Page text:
Did you know...
- Basketball was invented in Springfield?
- The first accusation of witchcraft in America occurred in Springfield?
- Springfield is home to the first banned book?
- Noah Webster, author of the first American-English dictionary, was born in Springfield?
- The first American postcard was developed in 1873 by the Morgan Envelope Factory of Springfield?
- Milton Bradley invented the first parlor game, The Checkered Game of Life, in Springfield?
Theodor Geisel (aka "Dr. Seuss") was born and grew up in Springfield, Massachusetts. The influence of Springfield can be seen throughout his work. Drawings of Horton the Elephant meandering along streams in the Jungle of Nool, for example, mirror the watercourses in Springfield's Forest Park. And To Think That I Saw It On Mulberry Street is filled with Springfield imagery and, importantly, was the first children's book Dr. Seuss wrote and illustrated. It was rejected more than twenty times before being published by Vanguard Press - a fact for all of us to keep in mind as we dive into the 2012 NESCBWI Conference here in "The City of Firsts!" (source: www.seussville.com)
As New England's 4th largest city, there is much going on in Springfield. So if you want to take a break, let the conference sink in, or dine with friends, Springfield offers many culturally diverse options!
- Bamboo House
- Pho Saigon Restaurant
PLACES TO GO, THINGS TO DO
The Museum Quadrangle - 21 Edwards Street, 1-800-625-7738
The Quadrangle - a campus of five museums surrounding the Dr. Seuss National Memorial Sculpture Garden. Admission to the Quadrangle includes admission to all museums:
- The Museum of Fine Arts, known for its Impressionist and Dutch Renaissance collections.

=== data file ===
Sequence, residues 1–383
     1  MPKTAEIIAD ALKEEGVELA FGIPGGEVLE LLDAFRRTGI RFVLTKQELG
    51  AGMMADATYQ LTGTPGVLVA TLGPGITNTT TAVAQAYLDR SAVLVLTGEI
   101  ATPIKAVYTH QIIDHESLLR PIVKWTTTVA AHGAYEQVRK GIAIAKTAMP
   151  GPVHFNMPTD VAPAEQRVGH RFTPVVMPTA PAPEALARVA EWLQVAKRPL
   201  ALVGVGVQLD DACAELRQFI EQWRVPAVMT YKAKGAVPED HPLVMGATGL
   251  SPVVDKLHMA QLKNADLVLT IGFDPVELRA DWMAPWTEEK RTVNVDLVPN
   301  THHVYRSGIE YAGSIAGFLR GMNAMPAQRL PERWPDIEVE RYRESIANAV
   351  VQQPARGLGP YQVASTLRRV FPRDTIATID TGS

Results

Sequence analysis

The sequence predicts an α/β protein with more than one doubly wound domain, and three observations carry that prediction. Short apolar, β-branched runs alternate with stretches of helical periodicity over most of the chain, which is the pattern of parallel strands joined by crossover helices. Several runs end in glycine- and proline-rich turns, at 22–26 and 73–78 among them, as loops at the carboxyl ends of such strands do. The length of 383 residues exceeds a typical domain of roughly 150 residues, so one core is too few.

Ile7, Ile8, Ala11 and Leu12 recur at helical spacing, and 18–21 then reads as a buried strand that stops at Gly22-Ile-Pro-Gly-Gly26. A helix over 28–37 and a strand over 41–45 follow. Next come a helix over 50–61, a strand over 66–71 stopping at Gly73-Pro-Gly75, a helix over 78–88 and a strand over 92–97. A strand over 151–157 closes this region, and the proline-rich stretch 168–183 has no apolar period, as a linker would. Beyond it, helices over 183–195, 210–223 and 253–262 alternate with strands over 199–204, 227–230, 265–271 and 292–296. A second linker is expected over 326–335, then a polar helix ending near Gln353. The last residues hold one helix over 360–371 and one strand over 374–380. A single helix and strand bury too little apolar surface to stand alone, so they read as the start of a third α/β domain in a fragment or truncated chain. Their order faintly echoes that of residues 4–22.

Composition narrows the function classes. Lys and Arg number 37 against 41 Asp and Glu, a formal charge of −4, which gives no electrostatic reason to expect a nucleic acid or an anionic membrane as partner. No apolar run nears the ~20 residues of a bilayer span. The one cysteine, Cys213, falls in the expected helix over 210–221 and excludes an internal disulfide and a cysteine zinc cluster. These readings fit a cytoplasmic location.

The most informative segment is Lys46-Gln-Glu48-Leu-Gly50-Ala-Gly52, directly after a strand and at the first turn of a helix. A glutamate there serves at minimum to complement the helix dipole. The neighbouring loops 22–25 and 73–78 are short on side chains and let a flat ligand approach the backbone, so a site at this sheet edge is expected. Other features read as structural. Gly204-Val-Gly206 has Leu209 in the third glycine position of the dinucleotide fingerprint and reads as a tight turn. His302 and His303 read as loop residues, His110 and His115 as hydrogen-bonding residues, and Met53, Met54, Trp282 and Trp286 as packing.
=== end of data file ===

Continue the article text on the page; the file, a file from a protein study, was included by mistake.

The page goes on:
- The Springfield Science Museum features the United States' first planetarium.
- The world-class George Walter Vincent Smith Museum is known worldwide for housing the largest collection of Chinese cloisonne outside of China.
- The Connecticut Valley Historical Society, which tells the story of "The Great River" and its people; and
- The new Museum of Springfield History, which showcases the innovations that make Springfield "The City of Progress."
A grouping of 60 clubs, bars, and Restaurants around Stearns Square, Worthington and Main Streets. LGBT and dance clubs are integrated with hip-hop, rock, jazz and blues clubs.
Forest Park - Sumner Avenue, 413-787-6434,
Forest Park is one of the United States' largest urban parks (at 735 acres) and also one of its most historically important urban parks. Designed by Frederick Law Olmsted - the famed designer of New York City's Central Park - Forest Park is nearly as large, and similarly diverse. Amenities include the Zoo at Forest Park, which features many exotic animals; the United States' first public swimming pool (1899;) numerous playgrounds; an ice-skating rink; a formal rose garden; the 31 acres Porter Lake, which features fishing and paddle-boating; 38 tennis courts; numerous basketball and bocce courts; lawn bowling fields; Victorian promenades and water gardens; dozens of hiking and walking trails; an aquatic park; numerous sculptures; and the Carriage House of Springfielder Everett Hosmer Barney, the man who invented the ice skate and popularized the roller skate during the 19th century.
Basketball Hall of Fame - 1000 Hall of Fame Avenue, 413-781-6500
A shrine to the world's second most popular sport. Built beside the Connecticut River it features numerous restaurants.
The street featuring the house that inspired Dr. Seuss's first children's book, And to Think That I Saw It on Mulberry Street.
Connecticut River Walk Park
The Connecticut River Walk and Bikeway includes 3.7 mile stretch along the Springfield riverfront which provides outstanding opportunities to bike, run, walk or rollerblade in view of stunning scenic vistas of the Connecticut River, the Springfield city skyline, and Memorial Bridge. The river walk passes through Springfield's Riverfront Park and offers direct access to the Basketball Hall of Fame via a pedestrian bridge.